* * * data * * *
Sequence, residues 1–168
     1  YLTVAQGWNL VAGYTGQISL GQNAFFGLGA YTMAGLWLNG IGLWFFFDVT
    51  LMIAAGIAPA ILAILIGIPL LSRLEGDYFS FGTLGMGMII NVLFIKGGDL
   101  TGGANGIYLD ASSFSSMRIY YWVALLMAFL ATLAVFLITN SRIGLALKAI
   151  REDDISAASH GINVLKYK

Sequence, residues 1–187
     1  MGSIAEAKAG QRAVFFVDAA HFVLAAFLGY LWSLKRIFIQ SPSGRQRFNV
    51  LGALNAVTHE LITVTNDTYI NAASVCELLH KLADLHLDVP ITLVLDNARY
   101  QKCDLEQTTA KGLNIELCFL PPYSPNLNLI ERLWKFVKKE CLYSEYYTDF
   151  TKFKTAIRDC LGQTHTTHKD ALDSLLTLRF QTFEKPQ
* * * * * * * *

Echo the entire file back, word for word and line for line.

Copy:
Sequence, residues 1–168
     1  YLTVAQGWNL VAGYTGQISL GQNAFFGLGA YTMAGLWLNG IGLWFFFDVT
    51  LMIAAGIAPA ILAILIGIPL LSRLEGDYFS FGTLGMGMII NVLFIKGGDL
   101  TGGANGIYLD ASSFSSMRIY YWVALLMAFL ATLAVFLITN SRIGLALKAI
   151  REDDISAASH GINVLKYK

Sequence, residues 1–187
     1  MGSIAEAKAG QRAVFFVDAA HFVLAAFLGY LWSLKRIFIQ SPSGRQRFNV
    51  LGALNAVTHE LITVTNDTYI NAASVCELLH KLADLHLDVP ITLVLDNARY
   101  QKCDLEQTTA KGLNIELCFL PPYSPNLNLI ERLWKFVKKE CLYSEYYTDF
   151  TKFKTAIRDC LGQTHTTHKD ALDSLLTLRF QTFEKPQ